What a change. January brought days in the 80s but now that it’s late February we’re enjoying a stretch of cold, wet weather. Today, the wind is howling, the sky is heavy with thick dark clouds, and it smells like snow.
I wrote that, only to wonder what I mean by “smells like snow.” After a moment’s consideration, I decided it’s not really a smell. Instead, it’s a sort of melding of the cold and the wet. It must be something I decided on when I was a child and lived in Minnesota.
Although the day is cold, my feet are warm, because I’m wearing wool socks. Brand new-to-me wool socks. And I have my friend Laurie to thank for them.
Back in the warmth of January I discovered that I had managed to wear holes in all but three pairs of my wool socks. For the record, one of those three isn’t exactly a pair–close, but not a true match. I was fine with that. Three pair are enough to make it through Spring, Summer, and Autumn, during which I will most likely be shod in my usual Birkenstocks–they come in narrow sizes. Come November, I’ll do the usual and buy eight more pairs of socks to take me through the next Winter and this time I would wear slippers in the house instead of the wool socks, which is how I wore them out.
Back to Laurie and the socks. I’m not sure how the subject of stockings came up, but it did.
“You wear wool socks?” Laurie asked in surprise.
“Only all winter,” I told her. “They aren’t just warm, they take up the excess space in my winter shoes.”
That made her laugh. “Well, that solves the problem of what I’m going to do with all the wool socks I own. I bought them for skiing and hiking in the snow, but I’m not doing that any more. I was thinking about donating them. Guess I’m giving them to you.”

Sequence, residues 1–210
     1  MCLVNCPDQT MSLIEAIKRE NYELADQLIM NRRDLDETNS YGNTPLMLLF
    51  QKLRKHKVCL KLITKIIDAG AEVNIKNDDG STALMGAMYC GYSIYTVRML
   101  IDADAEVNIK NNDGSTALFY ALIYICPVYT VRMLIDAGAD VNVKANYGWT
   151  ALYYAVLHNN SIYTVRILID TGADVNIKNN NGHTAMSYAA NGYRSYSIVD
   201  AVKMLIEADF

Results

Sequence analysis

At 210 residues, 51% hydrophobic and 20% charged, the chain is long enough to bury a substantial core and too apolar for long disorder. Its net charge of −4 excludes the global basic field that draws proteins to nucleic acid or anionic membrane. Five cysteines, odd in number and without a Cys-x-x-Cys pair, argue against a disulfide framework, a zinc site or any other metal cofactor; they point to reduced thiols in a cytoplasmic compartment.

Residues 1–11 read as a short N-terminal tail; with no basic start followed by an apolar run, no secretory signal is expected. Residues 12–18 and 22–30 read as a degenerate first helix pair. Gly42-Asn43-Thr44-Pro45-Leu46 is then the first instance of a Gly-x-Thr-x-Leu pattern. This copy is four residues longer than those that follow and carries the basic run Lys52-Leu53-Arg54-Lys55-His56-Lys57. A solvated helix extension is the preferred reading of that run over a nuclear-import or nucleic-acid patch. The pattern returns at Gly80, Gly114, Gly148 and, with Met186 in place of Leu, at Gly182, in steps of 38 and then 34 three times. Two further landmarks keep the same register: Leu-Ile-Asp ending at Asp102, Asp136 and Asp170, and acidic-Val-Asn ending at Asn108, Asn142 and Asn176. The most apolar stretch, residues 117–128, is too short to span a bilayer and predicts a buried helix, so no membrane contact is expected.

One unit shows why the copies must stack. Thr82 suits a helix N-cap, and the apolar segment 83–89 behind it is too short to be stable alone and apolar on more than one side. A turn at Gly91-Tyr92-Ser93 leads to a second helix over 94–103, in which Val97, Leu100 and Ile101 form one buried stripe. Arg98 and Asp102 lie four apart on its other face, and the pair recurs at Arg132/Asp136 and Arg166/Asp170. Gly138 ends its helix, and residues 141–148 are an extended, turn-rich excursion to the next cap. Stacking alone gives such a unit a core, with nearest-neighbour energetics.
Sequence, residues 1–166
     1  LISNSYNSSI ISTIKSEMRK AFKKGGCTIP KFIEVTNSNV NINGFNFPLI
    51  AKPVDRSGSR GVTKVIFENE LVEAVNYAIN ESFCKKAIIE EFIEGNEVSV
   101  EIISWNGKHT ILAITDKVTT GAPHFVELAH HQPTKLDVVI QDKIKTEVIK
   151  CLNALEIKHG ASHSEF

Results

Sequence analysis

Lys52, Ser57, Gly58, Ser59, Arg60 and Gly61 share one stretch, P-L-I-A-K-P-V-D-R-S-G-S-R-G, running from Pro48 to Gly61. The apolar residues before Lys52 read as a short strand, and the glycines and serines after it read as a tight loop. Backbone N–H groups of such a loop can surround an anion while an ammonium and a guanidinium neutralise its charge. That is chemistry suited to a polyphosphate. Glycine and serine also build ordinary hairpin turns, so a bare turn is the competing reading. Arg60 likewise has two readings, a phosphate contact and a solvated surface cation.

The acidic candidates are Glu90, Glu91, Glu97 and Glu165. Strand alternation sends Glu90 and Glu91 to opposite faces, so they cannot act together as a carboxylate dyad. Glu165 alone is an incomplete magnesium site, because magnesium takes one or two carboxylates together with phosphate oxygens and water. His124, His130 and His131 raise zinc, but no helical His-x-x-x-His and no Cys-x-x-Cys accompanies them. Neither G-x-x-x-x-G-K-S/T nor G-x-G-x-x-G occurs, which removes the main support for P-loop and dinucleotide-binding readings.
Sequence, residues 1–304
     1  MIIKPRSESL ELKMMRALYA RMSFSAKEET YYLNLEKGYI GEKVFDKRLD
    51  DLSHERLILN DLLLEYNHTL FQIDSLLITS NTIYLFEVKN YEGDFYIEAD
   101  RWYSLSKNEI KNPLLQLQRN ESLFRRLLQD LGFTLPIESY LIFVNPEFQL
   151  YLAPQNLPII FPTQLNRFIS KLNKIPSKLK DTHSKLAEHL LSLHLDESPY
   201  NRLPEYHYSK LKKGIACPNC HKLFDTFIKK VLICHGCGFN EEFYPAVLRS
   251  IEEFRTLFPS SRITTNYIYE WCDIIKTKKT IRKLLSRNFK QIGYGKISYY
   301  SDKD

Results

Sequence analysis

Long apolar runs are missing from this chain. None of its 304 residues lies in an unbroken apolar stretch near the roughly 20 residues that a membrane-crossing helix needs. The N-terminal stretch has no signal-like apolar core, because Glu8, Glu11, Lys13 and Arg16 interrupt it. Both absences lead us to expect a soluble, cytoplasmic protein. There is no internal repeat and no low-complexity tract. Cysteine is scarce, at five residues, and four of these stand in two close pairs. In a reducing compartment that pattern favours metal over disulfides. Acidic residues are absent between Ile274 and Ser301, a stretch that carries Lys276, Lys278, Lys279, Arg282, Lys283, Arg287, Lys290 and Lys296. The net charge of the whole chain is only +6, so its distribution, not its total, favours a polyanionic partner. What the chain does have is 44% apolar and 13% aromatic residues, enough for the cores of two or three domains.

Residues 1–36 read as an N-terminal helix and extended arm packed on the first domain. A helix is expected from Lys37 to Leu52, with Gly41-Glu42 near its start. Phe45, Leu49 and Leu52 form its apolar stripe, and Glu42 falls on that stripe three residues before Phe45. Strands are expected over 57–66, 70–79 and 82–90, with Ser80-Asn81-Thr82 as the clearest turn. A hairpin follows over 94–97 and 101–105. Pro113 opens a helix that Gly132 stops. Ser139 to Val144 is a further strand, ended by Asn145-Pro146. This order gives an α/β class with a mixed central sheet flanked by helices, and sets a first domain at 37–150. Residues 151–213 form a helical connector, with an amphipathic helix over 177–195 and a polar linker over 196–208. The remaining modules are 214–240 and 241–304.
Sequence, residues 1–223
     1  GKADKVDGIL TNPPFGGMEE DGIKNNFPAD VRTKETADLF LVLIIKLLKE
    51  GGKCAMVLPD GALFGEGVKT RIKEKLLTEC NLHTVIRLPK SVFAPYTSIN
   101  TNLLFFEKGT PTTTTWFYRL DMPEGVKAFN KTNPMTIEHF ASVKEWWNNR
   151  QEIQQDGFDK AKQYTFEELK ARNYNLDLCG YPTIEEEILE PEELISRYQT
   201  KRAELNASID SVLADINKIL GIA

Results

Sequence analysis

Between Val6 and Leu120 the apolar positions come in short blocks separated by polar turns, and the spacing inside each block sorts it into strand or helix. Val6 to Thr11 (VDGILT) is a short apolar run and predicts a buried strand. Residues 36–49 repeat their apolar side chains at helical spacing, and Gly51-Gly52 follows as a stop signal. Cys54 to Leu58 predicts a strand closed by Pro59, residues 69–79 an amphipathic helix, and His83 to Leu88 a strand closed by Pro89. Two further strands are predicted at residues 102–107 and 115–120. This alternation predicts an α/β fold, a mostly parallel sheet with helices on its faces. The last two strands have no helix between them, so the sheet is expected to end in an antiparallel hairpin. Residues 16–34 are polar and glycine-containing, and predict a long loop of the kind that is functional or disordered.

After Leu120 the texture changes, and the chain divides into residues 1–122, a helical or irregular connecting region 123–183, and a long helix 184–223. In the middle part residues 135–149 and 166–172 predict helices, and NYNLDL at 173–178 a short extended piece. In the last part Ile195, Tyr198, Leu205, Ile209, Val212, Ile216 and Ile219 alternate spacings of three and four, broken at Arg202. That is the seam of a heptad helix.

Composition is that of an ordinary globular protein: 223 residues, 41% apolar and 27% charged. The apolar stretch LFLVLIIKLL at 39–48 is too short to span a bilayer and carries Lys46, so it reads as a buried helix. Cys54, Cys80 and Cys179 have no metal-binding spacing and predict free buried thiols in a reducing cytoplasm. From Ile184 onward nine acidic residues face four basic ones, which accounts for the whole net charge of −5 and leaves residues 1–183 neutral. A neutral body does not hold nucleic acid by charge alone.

I thanked her profusely, then we went on with our conversation, and I forgot about the socks. They appeared last week in a gift bag. You know you’re old when wool socks in a gift bag can make your heart go pitter-pat. They’re great! Nice and thick and, unlike my socks, none of them are the same. (I tend to buy 3 of a kind of everything. It’s just easier.)
So, my feet are warm thanks to Laurie and, of course, I’m not wearing my slippers. The only thing that would make this more perfect was if there were a fire in the fireplace. Unfortunately I’ve done such a good job cleaning up that I no longer know where the matches are and what little firewood I had left has been moved…somewhere. Dang it.
But the place looks really good now that the Great Clean Up is at last complete. With nothing more to be done, it’s time to get back to work on the mystery again–one that set on a cold, blustery, drizzly November day. Makes me shiver to think about it.
I grew up in Minnesota! Where in Minnesota did you live?
I lived in Roseville outside of St. Paul when I was 11/12 years old. My father was born in Bruno, which is near Askov, which is near Duluth. 😀
I was born in Glencoe which is in Green Giant country LOL. But grew up in St. Cloud.
I laughed when you mentioned socks in a gift bag making your heart go pitter-pat, only because I can relate. Also, I do a tiny bit of editing and I’m wondering how you know when to use the plural of ‘pair’? (Don’t edit my comment too closely.)
LOL about the socks. I’m still enjoying them. As for pair/pairs, if you’re describing more than one pair of anything it should be pairs–as in 3 pairs of socks. fwiw!